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Postgraduate Thesis: The securitisation of HIV/AIDS: China and India
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TitleThe securitisation of HIV/AIDS: China and India
 
AuthorsLo, Yuk-ping
盧鈺苹
 
Issue Date2012
 
PublisherThe University of Hong Kong (Pokfulam, Hong Kong)
 
AbstractSecuritisation theory has made significant contributions to security studies. However, the theory is not without theoretical and empirical shortcomings. Notably, a lack of operationalisation and differentiation has led to a binary classification of results as either ‘securitised or not’. In addition, the presence of Euro-centric assumptions has weakened the theory’s applicability in non-Western contexts. This thesis develops a new framework featuring a typology with eight branches of securitisation. The thesis then uses that framework to study HIV/AIDS securitisation in two Asian countries: China and India. The process of HIV/AIDS securitisation in both countries is illustrated chronologically. Following the international HIV/AIDS securitisation obtained in 2000, the study shows that HIV/AIDS has been fully securitised by both national governments since 2004. However, the Chinese government addressed HIV/AIDS through a stand-alone programme, whereas India’s national HIV/AIDS programme was integrated into its primary health care system. Six cities were included in the detailed empirical analysis: Beijing, Shanghai, and Kunming in China, and New Delhi, Mumbai, and Imphal in India. Semi-structured interviews were conducted amongst 62 individuals working in HIV/AIDS-related non-governmental organisations, and 10 officials working in government agencies. Chinese respondents were receptive to framing the threat and handling of HIV/AIDS, yet many grassroots organizations lacked opportunities to participate in the national HIV/AIDS programme. In contrast, such groups were strongly involved in national HIV/AIDS interventions; however, Indian government efforts in fully securitising HIV/AIDS were largely faded out. The thesis therefore responds to the major theoretical and empirical shortcomings identified by security scholars. The thesis also advances the existing knowledge of security studies in general, and HIV/AIDS securitisation processes in the non-Western world in particular.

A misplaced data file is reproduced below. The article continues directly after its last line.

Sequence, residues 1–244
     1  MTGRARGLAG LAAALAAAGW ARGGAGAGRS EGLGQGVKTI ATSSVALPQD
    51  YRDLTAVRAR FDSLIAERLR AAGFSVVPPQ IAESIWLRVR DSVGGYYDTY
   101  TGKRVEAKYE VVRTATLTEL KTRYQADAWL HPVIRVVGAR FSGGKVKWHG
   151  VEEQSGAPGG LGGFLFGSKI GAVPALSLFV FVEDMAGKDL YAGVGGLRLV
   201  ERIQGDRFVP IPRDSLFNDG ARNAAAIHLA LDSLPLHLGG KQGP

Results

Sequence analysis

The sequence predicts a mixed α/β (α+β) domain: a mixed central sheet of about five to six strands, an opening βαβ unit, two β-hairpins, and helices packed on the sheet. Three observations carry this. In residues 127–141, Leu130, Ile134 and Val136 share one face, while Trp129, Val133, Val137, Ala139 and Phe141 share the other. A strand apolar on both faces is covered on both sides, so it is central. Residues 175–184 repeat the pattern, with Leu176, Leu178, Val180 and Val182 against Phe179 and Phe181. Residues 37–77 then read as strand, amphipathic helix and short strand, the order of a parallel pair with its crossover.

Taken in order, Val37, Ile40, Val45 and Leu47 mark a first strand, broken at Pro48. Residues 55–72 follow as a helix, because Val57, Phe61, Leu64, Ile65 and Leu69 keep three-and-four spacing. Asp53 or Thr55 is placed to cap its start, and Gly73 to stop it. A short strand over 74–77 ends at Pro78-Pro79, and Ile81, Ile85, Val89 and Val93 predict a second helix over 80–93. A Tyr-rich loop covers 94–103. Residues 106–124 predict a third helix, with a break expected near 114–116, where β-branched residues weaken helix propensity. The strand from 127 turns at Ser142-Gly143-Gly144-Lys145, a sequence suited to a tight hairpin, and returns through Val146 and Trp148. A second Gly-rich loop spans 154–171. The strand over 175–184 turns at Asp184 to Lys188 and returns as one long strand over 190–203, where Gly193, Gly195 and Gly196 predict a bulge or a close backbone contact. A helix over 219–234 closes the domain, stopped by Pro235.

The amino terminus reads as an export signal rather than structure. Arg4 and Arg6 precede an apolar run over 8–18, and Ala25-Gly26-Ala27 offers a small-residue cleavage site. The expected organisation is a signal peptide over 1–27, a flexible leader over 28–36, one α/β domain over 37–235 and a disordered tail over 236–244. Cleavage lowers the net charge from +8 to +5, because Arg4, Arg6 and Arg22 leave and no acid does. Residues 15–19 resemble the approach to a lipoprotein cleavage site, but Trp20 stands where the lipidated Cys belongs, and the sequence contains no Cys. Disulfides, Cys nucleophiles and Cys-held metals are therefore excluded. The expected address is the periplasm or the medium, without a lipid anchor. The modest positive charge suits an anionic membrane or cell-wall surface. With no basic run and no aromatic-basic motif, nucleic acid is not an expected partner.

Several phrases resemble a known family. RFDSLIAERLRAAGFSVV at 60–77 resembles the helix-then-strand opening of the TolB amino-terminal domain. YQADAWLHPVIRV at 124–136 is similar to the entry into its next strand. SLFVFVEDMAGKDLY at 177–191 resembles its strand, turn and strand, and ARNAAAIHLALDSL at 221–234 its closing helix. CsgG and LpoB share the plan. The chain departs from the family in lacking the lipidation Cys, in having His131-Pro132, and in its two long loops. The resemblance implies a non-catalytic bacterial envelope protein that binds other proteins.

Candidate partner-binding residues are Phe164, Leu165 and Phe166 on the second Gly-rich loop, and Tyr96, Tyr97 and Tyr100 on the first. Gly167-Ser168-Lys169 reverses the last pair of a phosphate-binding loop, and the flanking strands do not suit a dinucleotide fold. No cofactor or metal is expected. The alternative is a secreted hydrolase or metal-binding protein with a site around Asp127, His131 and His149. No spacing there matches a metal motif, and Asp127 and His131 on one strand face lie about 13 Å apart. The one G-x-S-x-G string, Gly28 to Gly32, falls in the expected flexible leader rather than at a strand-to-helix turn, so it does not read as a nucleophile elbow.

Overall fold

AdvisorsHolliday, IM
 
DegreeDoctor of Philosophy
 
SubjectHuman security - China.
Human security - India.
AIDS (Disease) - Social aspects - China.
AIDS (Disease) - Social aspects - India.
HIV infections - Social aspects - China.
HIV infections - Social aspects - India.
 
Dept/ProgramHumanities and Social Sciences
 
DC FieldValue
dc.contributor.advisorHolliday, IM
 
dc.contributor.authorLo, Yuk-ping
 
dc.contributor.author盧鈺苹
 
dc.date.hkucongregation2012
 
dc.date.issued2012
 
dc.description.abstractSecuritisation theory has made significant contributions to security studies. However, the theory is not without theoretical and empirical shortcomings. Notably, a lack of operationalisation and differentiation has led to a binary classification of results as either ‘securitised or not’. In addition, the presence of Euro-centric assumptions has weakened the theory’s applicability in non-Western contexts. This thesis develops a new framework featuring a typology with eight branches of securitisation. The thesis then uses that framework to study HIV/AIDS securitisation in two Asian countries: China and India. The process of HIV/AIDS securitisation in both countries is illustrated chronologically. Following the international HIV/AIDS securitisation obtained in 2000, the study shows that HIV/AIDS has been fully securitised by both national governments since 2004. However, the Chinese government addressed HIV/AIDS through a stand-alone programme, whereas India’s national HIV/AIDS programme was integrated into its primary health care system. Six cities were included in the detailed empirical analysis: Beijing, Shanghai, and Kunming in China, and New Delhi, Mumbai, and Imphal in India. Semi-structured interviews were conducted amongst 62 individuals working in HIV/AIDS-related non-governmental organisations, and 10 officials working in government agencies. Chinese respondents were receptive to framing the threat and handling of HIV/AIDS, yet many grassroots organizations lacked opportunities to participate in the national HIV/AIDS programme. In contrast, such groups were strongly involved in national HIV/AIDS interventions; however, Indian government efforts in fully securitising HIV/AIDS were largely faded out. The thesis therefore responds to the major theoretical and empirical shortcomings identified by security scholars. The thesis also advances the existing knowledge of security studies in general, and HIV/AIDS securitisation processes in the non-Western world in particular.